Besieged Barons Of Telecom

As the free-for-all nears, upstarts are grabbing share

What happens when an $86 million upstart tackles a $37 billion behemoth--on the giant's own turf? Ask Mark Daeche, CEO of London-based First Telecom, who is taking on Germany's Deutsche Telekom. His company aims to grab a slice of Europe's $160 billion telecommunications market when it opens to full competition after Jan. 1. In the ensuing free-for-all, Daeche expects to double sales in the first year. But the opposition will be fierce. Deutsche Telekom has already hauled the smaller company into court twice, claiming its advertisements of radically lower prices are illegal. Daeche knows the fight is just beginning. "As we make more noise, we expect the legal opposition to step up," he says.

Dozens of other fledgling telecom companies will face similar challenges when they begin offering a wide range of services next year. National governments and the former telecom monopolies they have supported continue to put up obstacles to competition. But officials of the European Union in Brussels, who have spent 10 years designing the rules for an open telecom market to boost Europe's competitiveness, are cracking down. On Nov. 5, the European Commission charged seven member countries with failing to comply with EU directives to create a free market. The violators could be fined. That bodes well for new competition as next year unfolds. "The EU will get tough," says Nigel Deighton, research director at London-based Gartner Group.

Germany wins the best marks for creating an open market, and it is likely to see stiff competition in 1998. In September, regulatory authorities approved lower "interconnect" rates--the charges for those using Deutsche Telekom's network. (Unless they use wireless technology, even competitors building their own networks need to access those of the monopolies, in order to bridge the last critical mile to individual customers.) Deutsche Telekom is challenging the decision, but a lower court has sustained the ruling. Low access rates will help new competitors like Dusseldorf-based speed into the voice market come Jan. 1. has already grabbed a chunk of the private-network business at 800 large German companies, including television giant RTL and retailer Metro.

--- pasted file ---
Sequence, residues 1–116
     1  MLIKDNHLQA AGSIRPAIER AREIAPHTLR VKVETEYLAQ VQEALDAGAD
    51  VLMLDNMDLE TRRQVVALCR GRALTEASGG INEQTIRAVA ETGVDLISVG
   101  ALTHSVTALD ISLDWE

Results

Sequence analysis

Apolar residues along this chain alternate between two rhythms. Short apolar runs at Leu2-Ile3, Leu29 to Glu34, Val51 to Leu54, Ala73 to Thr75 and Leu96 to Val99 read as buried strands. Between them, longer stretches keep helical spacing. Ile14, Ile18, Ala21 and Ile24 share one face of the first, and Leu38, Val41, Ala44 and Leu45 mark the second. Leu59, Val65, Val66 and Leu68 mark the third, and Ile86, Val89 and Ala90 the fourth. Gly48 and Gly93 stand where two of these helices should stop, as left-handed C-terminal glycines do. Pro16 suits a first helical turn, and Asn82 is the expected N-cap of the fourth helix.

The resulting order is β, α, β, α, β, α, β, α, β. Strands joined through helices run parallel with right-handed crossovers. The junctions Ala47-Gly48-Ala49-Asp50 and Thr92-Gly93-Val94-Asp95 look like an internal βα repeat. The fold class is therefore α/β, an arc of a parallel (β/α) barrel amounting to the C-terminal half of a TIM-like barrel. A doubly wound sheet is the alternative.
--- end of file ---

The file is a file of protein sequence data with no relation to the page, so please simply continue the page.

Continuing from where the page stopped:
Throughout Europe, many new players are targeting the Achilles' heel of telecom monopolies--high-speed networks and the services that go with them. The London-based Telecoms User Assn. recently published a survey showing that many businesses feel traditional telecom operators no longer understand their needs. They are handing their business to companies on the cutting edge of information technology, such as U.S.-based WorldCom Inc.

WorldCom expects voice services, which represent some 80% of the company's business today, to shrink to 20% within five years, as data services explode to 80% from 20% today. "That's the business we think represents the future," says Colin Williams, chairman of WorldCom's international operations. Williams expects his company's sales growth in Europe will exceed 100% in 1998, as it begins offering 45-megabit leased lines to businesses--a service monopolies have been slow to develop.

In France, challenger Cegetel wants a slice of the classic phone business, but it aims to be No.1 in Internet and intranet services, offering voice over the Internet by mid-1998. Computer users with a modem and voice card will be able to call long-distance at local-call prices. "The only way to survive the coming price war is to move up the value chain," says Andre Meyer, general manager of Cegetel's enterprise services.

BIG BUCKS. New rivals will also use wireless technology to eliminate the need for piggybacking on monopoly networks. For example, by putting an antenna on customers' roofs, Germany's Viag InterKom aims to transfer calls via radio waves to a regional fiber-optic network without building connections to each home. Its shareholders plan to invest $4.2 billion over the next 10 years in fiber-optic lines. When the system is complete, Viag InterKom will largely be able to bypass Deutsche Telekom's network.

London's Colt Telecom Group PLC, with $59 million in revenues, is banking on better service to break the monopolies' hold on corporate clients. With its high-capacity fiber-optic rings around London, Frankfurt, Paris, Munich, and Hamburg, Colt caters to corporate customers with big data-transmission needs.

Despite the remaining barriers to free competition, new operators are expected to undercut monopoly tariffs by 20% to 30% next year. Leased lines from London to Paris or Frankfurt may drop from $50,000 a month today to as low as $15,000 in 1998. Riccardo Ruggiero, chief executive of two-year-old Italian challenger Infostrada, can't wait for New Year's Day. It's not that he expects a free market to happen overnight. But the date will mark when companies like his can begin to have true impact.

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